Diet in Pregnancy
Every pregnancy is unique and an amazing adventure for both mother and child. Nutrition is a growing concern for many pregnant women. As a result, we'd like to lend you our expertise.
Start of a new life
You're pregnant? Congratulations! Now you can truly envision your body as a temple that gives your child optimal conditions for growth.
There is a lot of exciting new things for you to learn, especially when it comes to nutrition. We want to lend you our expertise so that you can benefit from an optimal nutrient supply even after your pregnancy and breastfeeding. Because if mommy feels good, the baby will also be good.
But when it comes to this, there is no right or wrong. The only important thing is that you listen to yourself and your needs and rely on your maternal instinct.
Dinner for two?
Did you know that the energy needs of pregnant women only increase slightly? And only from about the 6th month of pregnancy. For example, if you only eat a slice of wholemeal bread with cheese and a tomato, you have already covered the additional daily requirement of around 250 calories
Carbohydrates, protein, and fat are the basic building blocks of our diet. The following recommendations can serve as a guide during pregnancy:
- Carbohydrates: If possible, give preference to whole grain products, because they are rich in fibre and stimulate digestion. Always drink enough with every meal to avoid constipation.
- Protein: It is the basic building material of all human cells. From the second trimester of pregnancy onwards, you need around 10g more protein per day than usual. This is roughly equivalent to a glass of milk. From the third trimester, it is 20g more. Overall, a daily protein intake of approx. 55-70g protein is recommended. Good suppliers of protein are meat, fish, eggs, dairy products, legumes, and potatoes.
- Fat: Your fat requirement is not increased during pregnancy. You can still go for local, cold-pressed vegetable oils, such as rapeseed or olive oil. Avocado, nuts, seeds, and fish 2-3 times a week are also good sources.
This vitamin is particularly important for cell division and the formation of blood cells. It occurs almost exclusively in animal foods such as meat and dairy products.
Folic acid, iodine and iron - the true heroes for you and your baby
Your need for the vitamin folic acid, the mineral iodine and the trace element iron increases with the beginning of pregnancy. You can obtain these via the following foods:
- Foods containing folic acid include legumes, green vegetables, cabbage, oranges, almonds, whole grains, egg yolks and meat. The high folic acid requirement can rarely be completely covered even with a wholesome diet. It is therefore recommended that all women who wish to have children, and expectant mothers take folic acid supplements until the end of the first trimester of pregnancy.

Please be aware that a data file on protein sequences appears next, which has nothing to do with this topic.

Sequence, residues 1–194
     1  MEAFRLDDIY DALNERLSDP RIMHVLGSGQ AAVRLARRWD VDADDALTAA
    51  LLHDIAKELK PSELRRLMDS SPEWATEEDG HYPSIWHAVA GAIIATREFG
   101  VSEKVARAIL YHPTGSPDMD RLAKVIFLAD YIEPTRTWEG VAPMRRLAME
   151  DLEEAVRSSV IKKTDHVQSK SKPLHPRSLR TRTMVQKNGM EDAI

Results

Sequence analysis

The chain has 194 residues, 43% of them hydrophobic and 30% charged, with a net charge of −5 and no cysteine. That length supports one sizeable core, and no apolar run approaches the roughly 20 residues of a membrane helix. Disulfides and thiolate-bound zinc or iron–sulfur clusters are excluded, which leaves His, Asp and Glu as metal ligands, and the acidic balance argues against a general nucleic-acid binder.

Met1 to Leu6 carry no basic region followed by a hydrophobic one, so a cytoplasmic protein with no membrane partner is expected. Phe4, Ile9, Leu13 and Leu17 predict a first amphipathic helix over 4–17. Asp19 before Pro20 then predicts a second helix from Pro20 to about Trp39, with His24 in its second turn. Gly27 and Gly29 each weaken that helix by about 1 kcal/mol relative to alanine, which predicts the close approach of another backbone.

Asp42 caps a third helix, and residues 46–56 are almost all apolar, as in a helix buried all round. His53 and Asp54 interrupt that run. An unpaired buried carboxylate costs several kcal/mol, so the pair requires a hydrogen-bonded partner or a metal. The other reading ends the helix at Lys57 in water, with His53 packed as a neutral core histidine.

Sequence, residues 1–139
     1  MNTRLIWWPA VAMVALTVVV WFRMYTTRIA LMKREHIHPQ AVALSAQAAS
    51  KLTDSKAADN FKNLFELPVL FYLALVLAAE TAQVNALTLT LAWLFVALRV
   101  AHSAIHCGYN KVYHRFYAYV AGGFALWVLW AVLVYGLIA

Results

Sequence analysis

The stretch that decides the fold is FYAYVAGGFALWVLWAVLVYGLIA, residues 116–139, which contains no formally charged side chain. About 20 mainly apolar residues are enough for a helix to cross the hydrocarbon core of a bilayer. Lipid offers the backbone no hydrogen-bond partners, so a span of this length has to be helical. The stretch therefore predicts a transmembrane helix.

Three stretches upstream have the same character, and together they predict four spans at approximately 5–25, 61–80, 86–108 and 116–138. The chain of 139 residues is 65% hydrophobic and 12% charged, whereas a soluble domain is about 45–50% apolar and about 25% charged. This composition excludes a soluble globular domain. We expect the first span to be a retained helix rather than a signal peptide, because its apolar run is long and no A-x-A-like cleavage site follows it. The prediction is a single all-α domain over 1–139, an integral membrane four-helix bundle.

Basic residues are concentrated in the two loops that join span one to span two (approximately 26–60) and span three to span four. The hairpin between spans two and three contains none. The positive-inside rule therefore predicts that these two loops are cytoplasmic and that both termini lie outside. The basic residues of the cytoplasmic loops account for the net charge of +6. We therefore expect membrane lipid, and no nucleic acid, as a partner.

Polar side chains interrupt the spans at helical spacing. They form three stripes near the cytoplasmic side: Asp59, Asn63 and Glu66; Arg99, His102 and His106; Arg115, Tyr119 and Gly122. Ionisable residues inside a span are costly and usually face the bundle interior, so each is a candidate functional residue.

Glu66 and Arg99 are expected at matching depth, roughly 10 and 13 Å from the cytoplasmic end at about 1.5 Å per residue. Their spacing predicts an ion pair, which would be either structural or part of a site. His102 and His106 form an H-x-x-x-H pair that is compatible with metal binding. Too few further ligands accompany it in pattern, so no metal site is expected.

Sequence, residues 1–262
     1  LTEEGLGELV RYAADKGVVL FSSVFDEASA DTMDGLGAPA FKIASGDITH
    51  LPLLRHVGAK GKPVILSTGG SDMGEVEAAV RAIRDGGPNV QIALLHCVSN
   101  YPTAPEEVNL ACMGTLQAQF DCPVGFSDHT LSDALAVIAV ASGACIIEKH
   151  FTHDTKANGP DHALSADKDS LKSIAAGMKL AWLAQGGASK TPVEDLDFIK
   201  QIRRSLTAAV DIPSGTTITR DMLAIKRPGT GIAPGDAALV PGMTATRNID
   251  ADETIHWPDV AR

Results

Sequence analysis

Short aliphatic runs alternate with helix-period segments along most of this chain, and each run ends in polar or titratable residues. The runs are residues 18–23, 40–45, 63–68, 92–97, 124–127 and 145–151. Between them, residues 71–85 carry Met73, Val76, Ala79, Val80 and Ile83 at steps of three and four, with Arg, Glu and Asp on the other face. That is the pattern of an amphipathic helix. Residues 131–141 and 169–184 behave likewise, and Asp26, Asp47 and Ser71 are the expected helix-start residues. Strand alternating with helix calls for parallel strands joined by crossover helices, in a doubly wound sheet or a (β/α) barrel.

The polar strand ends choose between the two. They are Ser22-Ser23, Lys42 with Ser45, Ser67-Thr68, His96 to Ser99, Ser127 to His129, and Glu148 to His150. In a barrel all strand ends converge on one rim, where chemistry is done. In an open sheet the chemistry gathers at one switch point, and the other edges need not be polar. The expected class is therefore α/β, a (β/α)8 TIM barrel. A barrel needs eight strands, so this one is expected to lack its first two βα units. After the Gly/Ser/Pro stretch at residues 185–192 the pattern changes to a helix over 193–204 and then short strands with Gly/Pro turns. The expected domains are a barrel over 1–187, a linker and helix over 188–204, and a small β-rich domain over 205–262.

- Foods containing iodine are fish (two servings per week) as well as meat and dairy products. The intake of iodine supplements can also be carried out after consulting your doctor.
- Ferrous foods include millet, lentils, chickpeas, and oatmeal. Best consumed in combination with fruit containing vitamin C. This improves iron absorption. Experts recommend around 30mg iron per day for blood formation during pregnancy. The use of iron supplements is only recommended if there is an existing deficiency. Just speak to your doctor if you have any concerns.
By the way
Folic acid is particularly sensitive to oxygen and is quickly transferred to cooking water due to its high solubility in water.
It's preferable to cook your vegetables in a small amount of water for a short period of time.
The cooking water can then be used to create a delectable sauce.
Zinc, Calcium and Magnesium - a powerful trio for cell growth
Because of its crucial features for cells and bones, the trace element zinc, as well as the minerals calcium and magnesium, are especially recommended during pregnancy.
- Foods containing zinc are meat, poultry, eggs and milk. The trace element is of particular importance for the development of the central nervous system.
- Foods that contain calcium include milk and dairy products, whole grains, green vegetables, nuts, and mineral water. You need around 1000 mg of calcium per day for your baby's bone development.
- Foods containing magnesium include dairy products, green vegetables, grains, legumes, bananas, berries, and mineral water.
Importance of vitamin A in pregnancy
You do not have to worry about a vitamin A deficiency during your pregnancy, as this is relatively rare. An oversupply can only in rare cases have a negative effect on child development. However, neither the consumption of liver nor the intake of nutritional supplements containing vitamin A is recommended.
You can find more tips and information about nutrition during pregnancy in our detailed brochure.